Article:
Additional masks are available through the color picker tool, which is in the Midtones mask row. By selecting a color and then potentially expanding it or shrinking it with the color picker add and subtract tools, which pop up as soon as you hit the "Pick" button, you can make a highly precise, custom mask, which can then of course be further modified using the modification tools such as the "Infinity" button mentioned above. Control is the name of the game when talking about the TK RapidMask and TK LayerMask panels.
The LayerMask panel is the fastest way to use layer masks. It is nearly the same as the RapidMask module except all masks created by the LayerMask module are automatically applied to the active layer as a layer mask. This is a new way to visualize and create luminosity masks and allows for different kinds of customization. You don't look at the mask to decide which works best, but instead you look at the image while the LayerMask module applies masks to the active layer; it is an image-based approach to choosing a luminosity mask.
When working in the LayerMask module, you want to first make an adjustment layer and then make desired adjustments. Then you simply click through different luminosity masks and pick one which looks best, while remaining free to modify the mask further, which is also displayed in real-time with the image itself, making it very easy to quickly see what you are doing to your image and determine what your next step should be. This approach lets you see adjustments in real-time on the actual image rather than looking at a grayscale mask. If you want to view the mask, that's easy to do too, just click on the "mask" button in the LayerMask module. Further, you can make an adjustment layer to your image without a layer mask applied and then cycle through your mask options and see the effect on your image after the fact, while remaining free to modify the mask as you see fit. It's all very flexible.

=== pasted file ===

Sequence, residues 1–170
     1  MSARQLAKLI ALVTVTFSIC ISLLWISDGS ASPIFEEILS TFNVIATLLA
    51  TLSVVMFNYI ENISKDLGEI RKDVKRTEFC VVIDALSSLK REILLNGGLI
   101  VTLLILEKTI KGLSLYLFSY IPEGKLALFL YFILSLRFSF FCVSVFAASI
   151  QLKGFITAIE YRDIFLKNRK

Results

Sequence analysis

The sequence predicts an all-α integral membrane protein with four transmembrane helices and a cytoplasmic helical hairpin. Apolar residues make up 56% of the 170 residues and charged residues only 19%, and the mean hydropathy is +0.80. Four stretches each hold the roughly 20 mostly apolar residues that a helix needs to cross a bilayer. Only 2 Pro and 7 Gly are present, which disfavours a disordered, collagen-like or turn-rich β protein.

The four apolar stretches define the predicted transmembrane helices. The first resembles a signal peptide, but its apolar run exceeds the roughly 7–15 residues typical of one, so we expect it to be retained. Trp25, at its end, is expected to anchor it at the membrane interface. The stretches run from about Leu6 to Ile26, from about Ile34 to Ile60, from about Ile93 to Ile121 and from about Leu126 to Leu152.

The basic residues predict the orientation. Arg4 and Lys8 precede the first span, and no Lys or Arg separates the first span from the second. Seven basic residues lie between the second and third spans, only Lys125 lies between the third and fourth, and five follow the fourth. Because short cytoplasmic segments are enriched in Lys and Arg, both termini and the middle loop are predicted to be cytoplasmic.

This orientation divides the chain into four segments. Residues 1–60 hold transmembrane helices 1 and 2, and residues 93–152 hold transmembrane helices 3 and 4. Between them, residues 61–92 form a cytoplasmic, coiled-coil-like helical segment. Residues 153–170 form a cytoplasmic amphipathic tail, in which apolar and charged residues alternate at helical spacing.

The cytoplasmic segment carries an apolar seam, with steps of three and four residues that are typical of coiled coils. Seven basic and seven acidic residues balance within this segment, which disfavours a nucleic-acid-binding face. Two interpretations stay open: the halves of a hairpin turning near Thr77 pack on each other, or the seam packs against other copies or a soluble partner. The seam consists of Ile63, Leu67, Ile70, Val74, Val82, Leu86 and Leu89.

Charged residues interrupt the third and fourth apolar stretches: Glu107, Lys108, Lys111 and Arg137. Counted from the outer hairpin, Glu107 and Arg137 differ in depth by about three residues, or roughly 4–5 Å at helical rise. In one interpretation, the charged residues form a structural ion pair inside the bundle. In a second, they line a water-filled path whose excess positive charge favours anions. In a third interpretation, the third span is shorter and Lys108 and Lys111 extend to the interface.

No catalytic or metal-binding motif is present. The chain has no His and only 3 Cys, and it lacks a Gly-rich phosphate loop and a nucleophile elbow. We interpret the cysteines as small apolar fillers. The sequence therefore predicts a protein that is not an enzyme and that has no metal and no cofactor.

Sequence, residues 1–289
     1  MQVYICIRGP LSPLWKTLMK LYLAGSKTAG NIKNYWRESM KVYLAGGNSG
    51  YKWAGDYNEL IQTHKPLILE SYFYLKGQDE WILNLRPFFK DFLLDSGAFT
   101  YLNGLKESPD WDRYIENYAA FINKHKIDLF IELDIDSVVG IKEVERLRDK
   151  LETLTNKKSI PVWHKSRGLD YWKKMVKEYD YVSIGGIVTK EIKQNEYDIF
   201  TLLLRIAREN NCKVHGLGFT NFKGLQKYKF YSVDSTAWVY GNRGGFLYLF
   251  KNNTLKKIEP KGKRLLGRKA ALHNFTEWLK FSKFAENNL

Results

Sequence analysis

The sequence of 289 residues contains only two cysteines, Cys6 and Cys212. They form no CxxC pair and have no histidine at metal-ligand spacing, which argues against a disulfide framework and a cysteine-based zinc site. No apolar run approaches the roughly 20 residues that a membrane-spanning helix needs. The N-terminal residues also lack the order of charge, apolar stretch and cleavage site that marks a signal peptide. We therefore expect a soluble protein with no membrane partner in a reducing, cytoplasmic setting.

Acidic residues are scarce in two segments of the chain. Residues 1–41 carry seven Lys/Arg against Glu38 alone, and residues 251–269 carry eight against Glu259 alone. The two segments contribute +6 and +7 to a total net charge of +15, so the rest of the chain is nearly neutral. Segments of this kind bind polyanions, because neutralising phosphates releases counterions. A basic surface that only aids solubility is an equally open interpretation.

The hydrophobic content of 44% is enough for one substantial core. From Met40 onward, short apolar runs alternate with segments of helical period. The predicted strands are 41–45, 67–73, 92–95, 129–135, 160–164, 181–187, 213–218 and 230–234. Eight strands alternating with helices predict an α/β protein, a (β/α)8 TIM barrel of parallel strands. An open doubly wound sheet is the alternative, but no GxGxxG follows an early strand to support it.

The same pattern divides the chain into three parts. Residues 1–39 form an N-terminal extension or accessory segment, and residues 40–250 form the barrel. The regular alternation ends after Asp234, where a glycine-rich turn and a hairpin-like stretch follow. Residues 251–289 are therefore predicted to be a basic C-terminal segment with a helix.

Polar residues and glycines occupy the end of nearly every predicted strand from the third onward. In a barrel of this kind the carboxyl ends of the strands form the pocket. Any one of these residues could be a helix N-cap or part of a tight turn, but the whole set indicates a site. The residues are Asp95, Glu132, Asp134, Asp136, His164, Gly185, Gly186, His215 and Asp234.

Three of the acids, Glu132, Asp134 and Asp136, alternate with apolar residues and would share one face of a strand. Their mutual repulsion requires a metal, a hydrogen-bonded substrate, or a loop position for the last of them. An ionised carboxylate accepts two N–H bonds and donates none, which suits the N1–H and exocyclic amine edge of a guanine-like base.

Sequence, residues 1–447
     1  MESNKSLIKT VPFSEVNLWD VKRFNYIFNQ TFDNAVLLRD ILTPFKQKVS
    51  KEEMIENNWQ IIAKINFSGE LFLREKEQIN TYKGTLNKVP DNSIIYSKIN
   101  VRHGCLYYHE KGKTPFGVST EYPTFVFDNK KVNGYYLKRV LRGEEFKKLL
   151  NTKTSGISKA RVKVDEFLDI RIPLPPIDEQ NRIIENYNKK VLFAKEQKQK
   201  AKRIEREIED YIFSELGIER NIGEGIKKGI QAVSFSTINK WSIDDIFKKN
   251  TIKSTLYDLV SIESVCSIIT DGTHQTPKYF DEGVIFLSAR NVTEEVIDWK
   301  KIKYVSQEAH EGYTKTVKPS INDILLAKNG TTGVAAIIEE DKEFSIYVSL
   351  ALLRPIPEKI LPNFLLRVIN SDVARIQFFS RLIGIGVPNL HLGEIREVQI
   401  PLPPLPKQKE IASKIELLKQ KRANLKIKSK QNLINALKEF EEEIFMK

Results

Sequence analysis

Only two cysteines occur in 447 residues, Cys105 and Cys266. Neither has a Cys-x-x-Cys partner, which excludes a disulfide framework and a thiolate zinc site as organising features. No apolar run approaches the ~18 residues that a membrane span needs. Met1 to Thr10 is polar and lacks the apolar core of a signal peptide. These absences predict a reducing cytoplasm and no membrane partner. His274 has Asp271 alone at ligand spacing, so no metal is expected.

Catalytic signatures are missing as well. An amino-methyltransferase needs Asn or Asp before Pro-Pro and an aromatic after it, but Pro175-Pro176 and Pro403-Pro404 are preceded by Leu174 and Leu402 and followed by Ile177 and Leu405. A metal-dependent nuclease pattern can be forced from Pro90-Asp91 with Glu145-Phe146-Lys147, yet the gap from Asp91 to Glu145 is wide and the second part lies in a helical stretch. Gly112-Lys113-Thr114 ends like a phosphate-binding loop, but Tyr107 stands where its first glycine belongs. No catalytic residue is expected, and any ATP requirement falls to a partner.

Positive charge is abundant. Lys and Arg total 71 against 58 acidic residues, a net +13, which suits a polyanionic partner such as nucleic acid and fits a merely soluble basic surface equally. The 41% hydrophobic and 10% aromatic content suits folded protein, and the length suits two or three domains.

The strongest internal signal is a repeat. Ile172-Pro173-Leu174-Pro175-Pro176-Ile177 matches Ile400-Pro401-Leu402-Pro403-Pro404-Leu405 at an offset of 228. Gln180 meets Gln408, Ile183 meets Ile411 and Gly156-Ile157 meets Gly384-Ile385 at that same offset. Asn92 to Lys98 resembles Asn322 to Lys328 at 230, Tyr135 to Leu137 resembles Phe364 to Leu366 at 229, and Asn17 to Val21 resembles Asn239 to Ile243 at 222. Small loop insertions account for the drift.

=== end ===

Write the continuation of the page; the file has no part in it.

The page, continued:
It is worth pointing out that if you are using Photoshop CC, you can combine the RapidMask and LayerMask functionality into a single module. This is achieved by clicking the "Auto-Apply" checkbox in the RapidMask panel. When this is enabled, the RapidMask module functions just like the LayerMask module described above.